Boris Kachka’s Original Notes for Article

After bribing a number of underpaid assistants with Duane Reade gift certificates (there was a stack here; don’t ask how we acquired it) and attempting to whisper sweet somethings into New York Magazine editorial interns who have been wrongly pegged as know-nothings, Reluctant Habits has obtained the early notes for Boris Kachka’s “Oh noes! The publishing industry is dead!” article. We don’t know what to make of Mr. Kachka referring to himself in the first person in these early notes, assuming the shaky provenance can be believed (and indeed we have grave doubts). But we presume that it’s the kind of casual hubris one employs when one is too embarrassed to refer to one’s self in the overused first person plural.

* * *

1. Okay, Boris, authenticity! Authenticity! Authenticity! Get the architectural details right! Employ modifiers like “drab” and “mysterious.” Use words like “demise” and “gallows.” Use Burton’s Anatomy of Melancholy for reference. We need the audience to cry uncontrollably. We need to create the impression that everyone who works in the publishing industry is crying uncontrollably. And, Boris, as you sit at the keyboard to write this, perhaps you will cry uncontrollably. Never let facts get in the way of the emotions!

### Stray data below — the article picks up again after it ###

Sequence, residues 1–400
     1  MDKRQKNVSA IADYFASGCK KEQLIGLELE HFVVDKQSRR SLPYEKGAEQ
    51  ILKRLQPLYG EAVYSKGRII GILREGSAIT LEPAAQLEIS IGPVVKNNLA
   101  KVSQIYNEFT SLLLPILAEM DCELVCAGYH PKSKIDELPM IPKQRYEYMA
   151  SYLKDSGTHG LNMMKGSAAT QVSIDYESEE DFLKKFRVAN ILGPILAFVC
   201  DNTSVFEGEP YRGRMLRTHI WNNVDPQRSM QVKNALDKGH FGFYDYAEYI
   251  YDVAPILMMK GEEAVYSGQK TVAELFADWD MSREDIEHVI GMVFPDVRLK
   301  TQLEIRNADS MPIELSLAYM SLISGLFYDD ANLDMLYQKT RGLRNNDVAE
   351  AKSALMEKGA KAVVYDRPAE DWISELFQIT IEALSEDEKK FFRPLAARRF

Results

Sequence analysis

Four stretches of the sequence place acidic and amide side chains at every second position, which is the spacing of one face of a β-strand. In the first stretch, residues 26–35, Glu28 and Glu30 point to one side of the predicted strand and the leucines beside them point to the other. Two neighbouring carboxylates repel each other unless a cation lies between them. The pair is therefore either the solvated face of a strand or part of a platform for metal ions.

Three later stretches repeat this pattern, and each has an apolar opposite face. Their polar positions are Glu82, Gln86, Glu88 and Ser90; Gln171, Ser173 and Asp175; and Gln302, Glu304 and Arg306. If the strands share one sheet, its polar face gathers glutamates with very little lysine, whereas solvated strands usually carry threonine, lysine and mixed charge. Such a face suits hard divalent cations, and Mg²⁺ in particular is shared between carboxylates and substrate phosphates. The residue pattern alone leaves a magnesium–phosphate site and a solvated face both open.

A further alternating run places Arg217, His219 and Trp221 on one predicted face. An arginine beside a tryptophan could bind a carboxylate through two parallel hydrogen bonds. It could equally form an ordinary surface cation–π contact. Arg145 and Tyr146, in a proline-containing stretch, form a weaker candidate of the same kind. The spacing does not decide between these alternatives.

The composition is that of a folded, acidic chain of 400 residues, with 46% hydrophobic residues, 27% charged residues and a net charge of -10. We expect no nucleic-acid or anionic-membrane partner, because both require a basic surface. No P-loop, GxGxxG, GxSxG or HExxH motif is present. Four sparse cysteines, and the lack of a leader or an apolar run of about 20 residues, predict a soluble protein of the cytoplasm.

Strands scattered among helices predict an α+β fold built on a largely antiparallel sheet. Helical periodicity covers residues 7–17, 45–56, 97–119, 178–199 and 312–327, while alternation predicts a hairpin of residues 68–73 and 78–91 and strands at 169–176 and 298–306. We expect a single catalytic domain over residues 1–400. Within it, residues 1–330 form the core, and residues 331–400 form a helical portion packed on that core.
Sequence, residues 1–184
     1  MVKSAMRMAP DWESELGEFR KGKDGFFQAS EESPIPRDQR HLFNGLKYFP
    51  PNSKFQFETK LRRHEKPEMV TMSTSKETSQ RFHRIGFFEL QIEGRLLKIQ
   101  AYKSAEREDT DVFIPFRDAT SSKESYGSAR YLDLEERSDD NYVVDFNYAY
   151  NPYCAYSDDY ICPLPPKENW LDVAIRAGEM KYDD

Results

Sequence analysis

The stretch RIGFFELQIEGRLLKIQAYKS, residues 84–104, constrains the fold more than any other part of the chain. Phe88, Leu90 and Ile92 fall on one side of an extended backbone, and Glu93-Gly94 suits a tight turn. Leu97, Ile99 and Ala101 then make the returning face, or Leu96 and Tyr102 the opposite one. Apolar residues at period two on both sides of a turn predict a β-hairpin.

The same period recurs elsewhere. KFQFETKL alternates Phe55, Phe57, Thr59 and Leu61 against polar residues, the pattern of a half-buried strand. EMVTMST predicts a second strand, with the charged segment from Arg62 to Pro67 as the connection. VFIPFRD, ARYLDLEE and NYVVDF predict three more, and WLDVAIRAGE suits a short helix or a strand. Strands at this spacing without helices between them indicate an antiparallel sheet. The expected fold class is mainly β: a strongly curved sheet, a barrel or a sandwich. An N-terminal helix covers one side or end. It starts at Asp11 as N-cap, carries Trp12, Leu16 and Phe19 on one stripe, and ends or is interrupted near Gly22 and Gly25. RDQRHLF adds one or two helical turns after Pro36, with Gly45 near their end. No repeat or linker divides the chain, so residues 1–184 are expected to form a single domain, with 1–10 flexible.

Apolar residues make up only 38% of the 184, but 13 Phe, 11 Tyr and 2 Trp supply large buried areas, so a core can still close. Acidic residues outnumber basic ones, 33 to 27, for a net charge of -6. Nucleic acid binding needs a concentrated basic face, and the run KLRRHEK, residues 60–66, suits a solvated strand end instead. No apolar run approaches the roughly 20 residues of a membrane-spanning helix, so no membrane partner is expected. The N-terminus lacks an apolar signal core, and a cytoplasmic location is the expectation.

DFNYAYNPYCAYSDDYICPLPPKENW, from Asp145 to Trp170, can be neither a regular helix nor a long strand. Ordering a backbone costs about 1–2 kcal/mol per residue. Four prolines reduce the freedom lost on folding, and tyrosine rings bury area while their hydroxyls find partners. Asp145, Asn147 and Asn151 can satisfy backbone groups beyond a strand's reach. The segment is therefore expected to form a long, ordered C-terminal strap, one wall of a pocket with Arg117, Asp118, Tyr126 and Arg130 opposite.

2. You can never use enough exclamation points! Remember, we’re pulling back the curtain. The publishing industry is dead and has no hope! Watch the end of Planet of the Apes every 200 words to get the appropriate apocalyptic feel here. You publishing maniacs! You blew it up! Ah, damn you! God damn you all to hell!

3. Well, if Bob Miller is setting this thing up, then he IS the story! Never mind that the imprint is unproven. If you can’t point to specific examples with HarperStudio, then go with Jane Friedman! After all, she’s the one who greenlighted this, yes? Even if you can’t figure out the precise details of her sacking, suggest authority by providing details about her post-retirement party.

4. Insert random quotes every 500 words. The quotes don’t have to match up with the text that follows. But this should create an authentic enough feel.

5. Still struggling for title for piece. Watch Burt Reynolds movies.

6. Find a way to work in Lenin reference.

7. There’s an alternative here to the standard conglomerates take over everything angle, isn’t there? Surely, it can’t be that simple. Think, Boris, think! Uh, dot com days?